Below is the text of the speech made by Nick Thomas-Symonds, the Labour MP for Torfaen, in the House of Commons on 15 June 2020.
I am grateful to the Home Secretary for her statement and for advance sight of it. Like everyone in this House, I was appalled by the scenes in London this weekend. The violence, intimidation and antisocial behaviour were unacceptable, and as I said over the weekend, we condemn these acts absolutely.
It was clear that people, including the far right, had come out with the intention of causing violence, coupled with Nazi salutes and missiles hurled at the police. It was despicable to see a man apparently urinating by the memorial dedicated to PC Keith Palmer—a man who defended this very building to keep us Members safe. For such a disgusting act to occur next to a monument to a man who gave the ultimate service to his country shows how vile the events of Saturday became. PC Palmer’s bravery will never be forgotten.
In these terrible scenes, we were reminded once again of the bravery, dedication and professionalism of our frontline police officers, and we again owe them a debt of gratitude. I understand that 23 officers were injured this weekend, and that is, of course, in addition to officers who were injured in previous incidents. I ask the Home Secretary to update us on their wellbeing. I have been in contact this morning with policing representatives to pass on the thanks of those of us on the Opposition Benches.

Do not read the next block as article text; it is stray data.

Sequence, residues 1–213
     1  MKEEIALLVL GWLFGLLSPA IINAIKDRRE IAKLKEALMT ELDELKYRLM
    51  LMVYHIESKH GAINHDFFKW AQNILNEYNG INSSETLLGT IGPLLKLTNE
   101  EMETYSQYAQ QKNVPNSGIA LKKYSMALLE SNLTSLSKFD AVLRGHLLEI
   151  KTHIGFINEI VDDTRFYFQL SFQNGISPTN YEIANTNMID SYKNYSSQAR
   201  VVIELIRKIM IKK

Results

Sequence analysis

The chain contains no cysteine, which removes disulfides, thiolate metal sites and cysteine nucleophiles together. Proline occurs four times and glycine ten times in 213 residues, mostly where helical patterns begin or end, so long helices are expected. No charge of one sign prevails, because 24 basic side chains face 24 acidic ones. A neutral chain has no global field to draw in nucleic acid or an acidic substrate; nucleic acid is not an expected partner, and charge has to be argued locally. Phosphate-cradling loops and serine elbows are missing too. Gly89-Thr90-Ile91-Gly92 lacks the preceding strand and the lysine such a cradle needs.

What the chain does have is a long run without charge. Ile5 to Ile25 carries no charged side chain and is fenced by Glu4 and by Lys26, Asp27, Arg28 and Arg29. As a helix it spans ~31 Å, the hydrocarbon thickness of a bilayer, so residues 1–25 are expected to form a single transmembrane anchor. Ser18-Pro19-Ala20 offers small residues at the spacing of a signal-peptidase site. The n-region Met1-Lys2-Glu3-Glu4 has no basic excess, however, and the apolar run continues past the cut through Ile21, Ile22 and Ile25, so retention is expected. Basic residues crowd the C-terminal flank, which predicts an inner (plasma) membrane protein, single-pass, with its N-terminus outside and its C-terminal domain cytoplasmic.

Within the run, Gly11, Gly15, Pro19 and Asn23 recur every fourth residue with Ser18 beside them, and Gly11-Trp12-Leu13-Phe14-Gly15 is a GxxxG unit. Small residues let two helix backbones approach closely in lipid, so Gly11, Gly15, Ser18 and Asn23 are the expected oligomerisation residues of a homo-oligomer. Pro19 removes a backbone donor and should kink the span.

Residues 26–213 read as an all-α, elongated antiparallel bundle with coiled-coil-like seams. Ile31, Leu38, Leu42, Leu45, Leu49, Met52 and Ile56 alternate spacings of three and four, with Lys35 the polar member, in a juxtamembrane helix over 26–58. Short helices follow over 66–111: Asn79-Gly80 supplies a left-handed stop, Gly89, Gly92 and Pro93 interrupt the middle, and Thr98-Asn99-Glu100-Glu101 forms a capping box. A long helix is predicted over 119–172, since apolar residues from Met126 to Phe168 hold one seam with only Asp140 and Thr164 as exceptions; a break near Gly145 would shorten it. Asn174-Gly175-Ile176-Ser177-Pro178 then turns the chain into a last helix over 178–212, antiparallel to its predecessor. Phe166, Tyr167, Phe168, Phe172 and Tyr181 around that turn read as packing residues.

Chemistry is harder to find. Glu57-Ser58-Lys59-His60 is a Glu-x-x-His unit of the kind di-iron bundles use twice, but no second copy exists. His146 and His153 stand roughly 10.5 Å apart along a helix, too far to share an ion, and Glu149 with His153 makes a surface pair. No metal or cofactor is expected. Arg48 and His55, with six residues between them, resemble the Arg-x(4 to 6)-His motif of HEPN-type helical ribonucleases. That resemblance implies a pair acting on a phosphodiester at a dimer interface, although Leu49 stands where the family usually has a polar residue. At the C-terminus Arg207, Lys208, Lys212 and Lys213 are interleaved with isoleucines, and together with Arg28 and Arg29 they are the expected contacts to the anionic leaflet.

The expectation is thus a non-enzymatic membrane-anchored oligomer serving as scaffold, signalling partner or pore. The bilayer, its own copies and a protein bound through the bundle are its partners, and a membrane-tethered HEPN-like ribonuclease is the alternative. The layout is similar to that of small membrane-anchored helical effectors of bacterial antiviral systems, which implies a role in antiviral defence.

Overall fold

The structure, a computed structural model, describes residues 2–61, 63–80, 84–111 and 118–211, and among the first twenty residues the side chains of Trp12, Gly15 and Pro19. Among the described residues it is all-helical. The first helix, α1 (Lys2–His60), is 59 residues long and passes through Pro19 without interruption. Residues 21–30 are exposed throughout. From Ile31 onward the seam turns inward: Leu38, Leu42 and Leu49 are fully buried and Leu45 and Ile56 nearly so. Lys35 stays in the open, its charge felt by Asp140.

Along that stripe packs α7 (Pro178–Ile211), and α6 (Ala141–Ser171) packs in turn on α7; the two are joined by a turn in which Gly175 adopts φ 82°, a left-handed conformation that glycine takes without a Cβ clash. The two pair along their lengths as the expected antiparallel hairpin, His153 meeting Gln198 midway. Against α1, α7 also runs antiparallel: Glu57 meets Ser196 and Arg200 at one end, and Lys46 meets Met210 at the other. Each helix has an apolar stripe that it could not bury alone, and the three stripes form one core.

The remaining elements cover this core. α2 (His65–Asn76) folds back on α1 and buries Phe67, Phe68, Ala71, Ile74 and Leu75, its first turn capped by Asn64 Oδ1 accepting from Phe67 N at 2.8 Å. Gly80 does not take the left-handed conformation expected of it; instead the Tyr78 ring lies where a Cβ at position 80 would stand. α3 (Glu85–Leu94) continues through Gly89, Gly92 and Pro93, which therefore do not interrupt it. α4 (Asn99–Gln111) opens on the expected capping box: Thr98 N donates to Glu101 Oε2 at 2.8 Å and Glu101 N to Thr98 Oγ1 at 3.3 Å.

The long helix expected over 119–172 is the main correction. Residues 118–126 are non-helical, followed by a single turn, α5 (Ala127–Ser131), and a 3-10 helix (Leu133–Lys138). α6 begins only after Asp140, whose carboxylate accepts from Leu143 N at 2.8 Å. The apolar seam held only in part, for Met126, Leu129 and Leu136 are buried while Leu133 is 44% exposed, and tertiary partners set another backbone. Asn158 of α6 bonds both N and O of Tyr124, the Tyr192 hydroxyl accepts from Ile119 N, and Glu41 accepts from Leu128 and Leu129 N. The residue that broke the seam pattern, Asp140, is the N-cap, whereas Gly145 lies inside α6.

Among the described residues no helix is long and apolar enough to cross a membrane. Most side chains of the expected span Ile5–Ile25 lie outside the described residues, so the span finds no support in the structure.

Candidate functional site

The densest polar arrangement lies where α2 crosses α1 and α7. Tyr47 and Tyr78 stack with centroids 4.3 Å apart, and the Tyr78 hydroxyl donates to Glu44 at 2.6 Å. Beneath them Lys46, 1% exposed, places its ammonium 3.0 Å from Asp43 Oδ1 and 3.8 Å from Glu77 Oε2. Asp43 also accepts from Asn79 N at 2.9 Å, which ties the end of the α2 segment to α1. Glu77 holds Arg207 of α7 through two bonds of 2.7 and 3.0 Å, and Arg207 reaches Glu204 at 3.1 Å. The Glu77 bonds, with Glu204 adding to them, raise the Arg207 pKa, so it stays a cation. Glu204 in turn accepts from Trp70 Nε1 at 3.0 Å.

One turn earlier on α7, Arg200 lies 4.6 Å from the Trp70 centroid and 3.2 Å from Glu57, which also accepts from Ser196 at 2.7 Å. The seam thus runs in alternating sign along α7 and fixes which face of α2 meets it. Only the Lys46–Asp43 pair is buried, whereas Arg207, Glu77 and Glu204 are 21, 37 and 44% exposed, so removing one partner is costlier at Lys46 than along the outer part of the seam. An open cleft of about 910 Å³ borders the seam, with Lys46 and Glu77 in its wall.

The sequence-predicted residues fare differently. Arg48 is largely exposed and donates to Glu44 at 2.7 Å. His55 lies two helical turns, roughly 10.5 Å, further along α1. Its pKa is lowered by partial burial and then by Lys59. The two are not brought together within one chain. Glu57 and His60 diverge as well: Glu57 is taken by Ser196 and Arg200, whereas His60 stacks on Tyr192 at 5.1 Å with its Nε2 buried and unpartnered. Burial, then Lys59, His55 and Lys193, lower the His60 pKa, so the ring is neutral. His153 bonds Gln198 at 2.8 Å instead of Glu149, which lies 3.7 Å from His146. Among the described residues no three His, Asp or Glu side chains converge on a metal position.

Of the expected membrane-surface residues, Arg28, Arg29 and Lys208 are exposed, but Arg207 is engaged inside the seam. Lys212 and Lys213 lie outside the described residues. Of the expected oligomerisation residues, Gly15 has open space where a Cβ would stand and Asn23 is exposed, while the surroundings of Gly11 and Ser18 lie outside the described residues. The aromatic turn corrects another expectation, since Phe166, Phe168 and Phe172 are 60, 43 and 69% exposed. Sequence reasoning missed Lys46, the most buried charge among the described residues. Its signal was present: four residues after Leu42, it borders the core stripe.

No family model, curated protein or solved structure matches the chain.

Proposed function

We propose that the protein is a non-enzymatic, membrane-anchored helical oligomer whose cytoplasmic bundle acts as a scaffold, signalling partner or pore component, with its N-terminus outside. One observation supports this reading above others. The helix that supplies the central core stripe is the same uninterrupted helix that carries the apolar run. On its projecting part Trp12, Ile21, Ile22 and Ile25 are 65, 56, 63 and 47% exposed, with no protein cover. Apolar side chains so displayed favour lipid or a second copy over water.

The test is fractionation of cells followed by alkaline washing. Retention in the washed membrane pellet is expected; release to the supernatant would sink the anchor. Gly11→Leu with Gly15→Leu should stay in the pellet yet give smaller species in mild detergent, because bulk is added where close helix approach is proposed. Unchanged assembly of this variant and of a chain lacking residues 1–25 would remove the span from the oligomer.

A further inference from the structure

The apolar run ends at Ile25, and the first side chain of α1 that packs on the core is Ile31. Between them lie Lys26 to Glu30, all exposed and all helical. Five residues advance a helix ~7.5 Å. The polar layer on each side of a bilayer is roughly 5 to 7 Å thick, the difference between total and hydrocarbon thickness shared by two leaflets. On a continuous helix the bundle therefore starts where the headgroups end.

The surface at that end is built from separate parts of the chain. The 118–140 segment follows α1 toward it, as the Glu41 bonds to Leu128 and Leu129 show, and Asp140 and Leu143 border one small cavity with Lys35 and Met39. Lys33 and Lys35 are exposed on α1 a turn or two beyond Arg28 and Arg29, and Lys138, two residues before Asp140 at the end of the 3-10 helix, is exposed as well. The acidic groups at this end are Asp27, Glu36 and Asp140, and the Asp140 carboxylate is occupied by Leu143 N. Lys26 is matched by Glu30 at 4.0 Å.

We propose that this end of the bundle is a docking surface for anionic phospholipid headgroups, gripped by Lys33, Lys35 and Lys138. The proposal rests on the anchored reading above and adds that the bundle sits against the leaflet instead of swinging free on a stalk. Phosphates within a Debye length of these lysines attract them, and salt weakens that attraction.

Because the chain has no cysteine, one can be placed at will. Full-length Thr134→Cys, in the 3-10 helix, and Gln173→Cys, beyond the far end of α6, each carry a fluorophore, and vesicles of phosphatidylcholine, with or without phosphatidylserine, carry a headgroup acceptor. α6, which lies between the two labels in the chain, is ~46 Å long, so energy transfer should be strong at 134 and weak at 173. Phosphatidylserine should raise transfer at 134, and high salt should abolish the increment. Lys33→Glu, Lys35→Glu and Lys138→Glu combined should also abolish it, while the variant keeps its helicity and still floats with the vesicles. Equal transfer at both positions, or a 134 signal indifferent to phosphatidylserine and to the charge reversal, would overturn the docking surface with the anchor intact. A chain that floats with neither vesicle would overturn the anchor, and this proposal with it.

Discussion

On the issue of the law around war memorials, I recognise the importance of local memorials including cenotaphs, and I will scrutinise carefully the proposal on the issue that the law as it stands puts the financial value of repair above the hurt caused to the community. On sentencing, bearing in mind some of the media coverage at the weekend, I should point out that the maximum sentence for criminal damage is already 10 years, and sentencing guidelines for damaging memorials would need to be developed considering sentences already handed out for other serious offences.
The Prime Minister should also be clear that we will not allow him to move the focus from the action to address the discrimination that people face now. Let us be clear: there should be no attempt to draw comparisons between those who were intent on violence this weekend and the legitimate cause of the Black Lives Matter campaigners, who have brought attention to the impact that racism and inequality continue to have both here in the UK and across the world. Now is the time for action. To borrow a phrase from another movement for equality and justice, what is required now are deeds not words.
The Prime Minister’s decision to announce yet another review falls woefully short of what is required, because he could act now. He could implement all the recommendations of the Lammy review that have been sitting there since September 2017. He could bring forward actions on the Wendy Williams lessons learned review now. He could address the fact that just 60 people have been compensated so far in the first year of the Windrush compensation scheme—just 60 out of thousands, which is unacceptable. To use the Prime Minister’s own words, these plans are “oven-ready” and could be done now. The Prime Minister has the information to act now. The Prime Minister has the recommendations in front of him to act now. The Prime Minister has the power to act now. Are we not in the middle of a powerful national moment when more delay is not the answer? Is it not the truth that by failing to act now, the Prime Minister just is not offering the leadership required?